The other thing that stands out in my mind is that during the advanced forum (is it still called that? I think it might have a different name now) we are told that at some point in our past-way back when we were young-something "happened" that informed our viewpoint of our lives, we came up with a "story" about what happened, and that is how we've lived our lives ever since. I really struggled with this because I had nothing I could think of that would fit. It was seriously distressful. Everyone else, it seemed to me, had clear episodes that they could pinpoint. I had nothing. Certainly I had memories of my childhood, and traumatic events that had happened, but it was hard to say "well, that time I fell of the horse and broke my arm really changed how I saw the world" (cause I still went horse riding and I didn't blame my brother that I was riding with) or "that time I saw our dog get run over by a truck" (cause I still love dogs and it was an accident and the farmer came up and apologized until he couldn't apologize anymore so I don't hate farmers or trucks). I was just stuck. So I took a vague memory and embellished it a bit and used that. Yes. I made something up. Why didn't I admit to not having something? Sheer cowardice.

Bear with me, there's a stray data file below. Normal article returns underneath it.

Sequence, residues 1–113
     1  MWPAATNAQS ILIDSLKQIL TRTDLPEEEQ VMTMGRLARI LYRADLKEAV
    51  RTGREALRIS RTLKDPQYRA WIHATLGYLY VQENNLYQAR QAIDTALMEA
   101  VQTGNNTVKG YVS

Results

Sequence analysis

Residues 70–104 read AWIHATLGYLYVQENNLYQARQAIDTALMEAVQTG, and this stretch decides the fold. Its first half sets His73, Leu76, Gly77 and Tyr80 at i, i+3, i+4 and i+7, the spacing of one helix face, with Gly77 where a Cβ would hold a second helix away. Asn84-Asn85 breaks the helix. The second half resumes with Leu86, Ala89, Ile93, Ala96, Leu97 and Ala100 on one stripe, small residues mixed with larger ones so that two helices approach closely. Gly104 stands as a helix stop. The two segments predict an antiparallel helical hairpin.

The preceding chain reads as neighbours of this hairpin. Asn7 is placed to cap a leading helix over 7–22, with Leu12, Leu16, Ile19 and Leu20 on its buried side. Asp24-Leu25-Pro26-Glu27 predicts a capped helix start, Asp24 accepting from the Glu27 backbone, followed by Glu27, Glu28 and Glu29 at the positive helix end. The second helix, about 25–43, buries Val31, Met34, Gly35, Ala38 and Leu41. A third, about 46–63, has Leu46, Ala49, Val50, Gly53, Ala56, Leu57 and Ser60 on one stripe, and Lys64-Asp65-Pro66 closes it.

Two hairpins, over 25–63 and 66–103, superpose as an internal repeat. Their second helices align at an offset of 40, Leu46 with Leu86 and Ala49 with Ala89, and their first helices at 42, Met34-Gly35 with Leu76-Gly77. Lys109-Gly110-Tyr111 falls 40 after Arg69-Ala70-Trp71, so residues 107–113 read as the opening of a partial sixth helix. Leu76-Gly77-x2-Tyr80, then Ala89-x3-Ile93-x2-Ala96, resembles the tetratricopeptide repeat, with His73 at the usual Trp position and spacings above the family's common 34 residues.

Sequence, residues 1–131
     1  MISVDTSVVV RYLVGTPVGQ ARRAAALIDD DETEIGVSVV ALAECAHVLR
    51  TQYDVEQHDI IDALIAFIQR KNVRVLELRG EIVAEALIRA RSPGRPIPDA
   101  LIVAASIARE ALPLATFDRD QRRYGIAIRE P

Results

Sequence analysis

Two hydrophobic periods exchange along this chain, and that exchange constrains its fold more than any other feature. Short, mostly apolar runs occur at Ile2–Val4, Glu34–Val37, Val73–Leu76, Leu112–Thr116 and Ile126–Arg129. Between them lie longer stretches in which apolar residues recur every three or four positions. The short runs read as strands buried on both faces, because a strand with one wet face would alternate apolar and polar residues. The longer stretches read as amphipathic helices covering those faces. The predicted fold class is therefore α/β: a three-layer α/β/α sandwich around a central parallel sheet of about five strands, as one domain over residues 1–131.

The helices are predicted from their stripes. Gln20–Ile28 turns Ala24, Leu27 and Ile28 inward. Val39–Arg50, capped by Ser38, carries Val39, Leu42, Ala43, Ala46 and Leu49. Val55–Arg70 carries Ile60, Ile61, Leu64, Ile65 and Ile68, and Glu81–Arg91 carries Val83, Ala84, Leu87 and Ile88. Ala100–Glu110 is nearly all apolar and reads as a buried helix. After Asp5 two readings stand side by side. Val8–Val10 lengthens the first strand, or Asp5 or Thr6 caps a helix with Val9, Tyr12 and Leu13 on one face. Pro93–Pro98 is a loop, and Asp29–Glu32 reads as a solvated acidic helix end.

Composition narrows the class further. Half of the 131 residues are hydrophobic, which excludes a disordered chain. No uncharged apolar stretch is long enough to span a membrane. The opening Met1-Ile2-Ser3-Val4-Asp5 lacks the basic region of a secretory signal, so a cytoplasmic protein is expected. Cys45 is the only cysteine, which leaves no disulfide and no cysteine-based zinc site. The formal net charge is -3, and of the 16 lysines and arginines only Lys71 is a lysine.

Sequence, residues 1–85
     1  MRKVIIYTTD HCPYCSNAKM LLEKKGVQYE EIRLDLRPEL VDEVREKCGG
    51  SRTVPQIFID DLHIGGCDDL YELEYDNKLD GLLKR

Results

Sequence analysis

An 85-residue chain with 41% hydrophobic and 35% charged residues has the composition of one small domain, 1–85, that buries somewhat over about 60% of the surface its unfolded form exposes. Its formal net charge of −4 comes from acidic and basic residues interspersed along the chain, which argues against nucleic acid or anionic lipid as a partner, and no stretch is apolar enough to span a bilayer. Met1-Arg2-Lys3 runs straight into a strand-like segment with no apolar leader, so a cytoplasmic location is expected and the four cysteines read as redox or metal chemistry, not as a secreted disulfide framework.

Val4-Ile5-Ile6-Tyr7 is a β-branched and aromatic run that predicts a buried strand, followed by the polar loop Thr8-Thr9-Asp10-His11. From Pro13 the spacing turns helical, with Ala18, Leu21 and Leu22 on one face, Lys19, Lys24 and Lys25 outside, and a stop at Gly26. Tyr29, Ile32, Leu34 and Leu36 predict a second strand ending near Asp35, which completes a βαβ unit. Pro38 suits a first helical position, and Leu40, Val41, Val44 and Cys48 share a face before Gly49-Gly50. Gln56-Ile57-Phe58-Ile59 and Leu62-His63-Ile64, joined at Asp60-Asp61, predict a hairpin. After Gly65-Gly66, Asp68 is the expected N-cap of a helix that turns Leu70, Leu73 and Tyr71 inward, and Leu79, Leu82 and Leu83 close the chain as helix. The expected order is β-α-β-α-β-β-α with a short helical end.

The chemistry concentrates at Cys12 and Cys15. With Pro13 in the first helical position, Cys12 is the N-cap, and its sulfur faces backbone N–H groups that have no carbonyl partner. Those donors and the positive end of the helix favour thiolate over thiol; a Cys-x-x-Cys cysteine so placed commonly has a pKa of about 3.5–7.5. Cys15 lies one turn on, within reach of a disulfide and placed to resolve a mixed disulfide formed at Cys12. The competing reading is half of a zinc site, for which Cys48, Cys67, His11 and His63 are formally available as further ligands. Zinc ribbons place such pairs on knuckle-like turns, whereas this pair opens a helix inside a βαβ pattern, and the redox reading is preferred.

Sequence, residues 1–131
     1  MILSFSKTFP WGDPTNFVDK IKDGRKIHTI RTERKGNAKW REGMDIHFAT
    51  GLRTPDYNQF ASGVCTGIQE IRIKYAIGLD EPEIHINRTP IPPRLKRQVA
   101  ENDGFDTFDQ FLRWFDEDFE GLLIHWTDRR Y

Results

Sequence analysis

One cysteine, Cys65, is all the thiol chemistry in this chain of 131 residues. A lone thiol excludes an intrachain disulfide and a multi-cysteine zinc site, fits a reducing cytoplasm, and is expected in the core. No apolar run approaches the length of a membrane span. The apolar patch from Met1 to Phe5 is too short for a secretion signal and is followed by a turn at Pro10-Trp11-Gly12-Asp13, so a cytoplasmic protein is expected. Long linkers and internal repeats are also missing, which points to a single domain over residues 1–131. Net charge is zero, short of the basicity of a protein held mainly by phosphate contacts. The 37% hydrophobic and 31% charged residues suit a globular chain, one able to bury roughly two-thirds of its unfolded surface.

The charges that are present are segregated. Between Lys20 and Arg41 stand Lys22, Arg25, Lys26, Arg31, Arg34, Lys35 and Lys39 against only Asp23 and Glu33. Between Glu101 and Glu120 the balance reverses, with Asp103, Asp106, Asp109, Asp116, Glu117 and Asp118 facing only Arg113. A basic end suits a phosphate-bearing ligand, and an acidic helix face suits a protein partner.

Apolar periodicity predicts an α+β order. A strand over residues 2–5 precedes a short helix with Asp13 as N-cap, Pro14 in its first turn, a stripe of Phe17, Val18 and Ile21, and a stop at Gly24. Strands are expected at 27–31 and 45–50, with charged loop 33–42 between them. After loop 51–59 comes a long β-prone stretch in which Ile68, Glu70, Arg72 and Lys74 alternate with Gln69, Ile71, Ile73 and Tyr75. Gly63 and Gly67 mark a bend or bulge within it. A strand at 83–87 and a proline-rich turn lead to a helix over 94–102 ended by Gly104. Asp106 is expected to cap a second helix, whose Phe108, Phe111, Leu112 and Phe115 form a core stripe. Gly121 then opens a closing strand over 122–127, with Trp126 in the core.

At any rate. It's in the past and I've learned some valuable lessons.

Thanks for the link to Ed Lindaman! I'm going to have to look through those. I'm (more than) slightly envious of your studies! I ponder occasionally what I would study if I could go back to school. My communication studies/film theory degree is hardly helpful in my job as a chef!

Have a great day! I'm really enjoying the conversation! Reg

Oh, Reg, you were young, unsure of yourself, didn't have the tools you needed to face the cold world. You do now. You couldn't defend the incest victim because you didn't know how; now you do! A painful memory, indeed, and as so often happens, the painful learnings come from deep down inside from places that we are not even aware of or know that are there.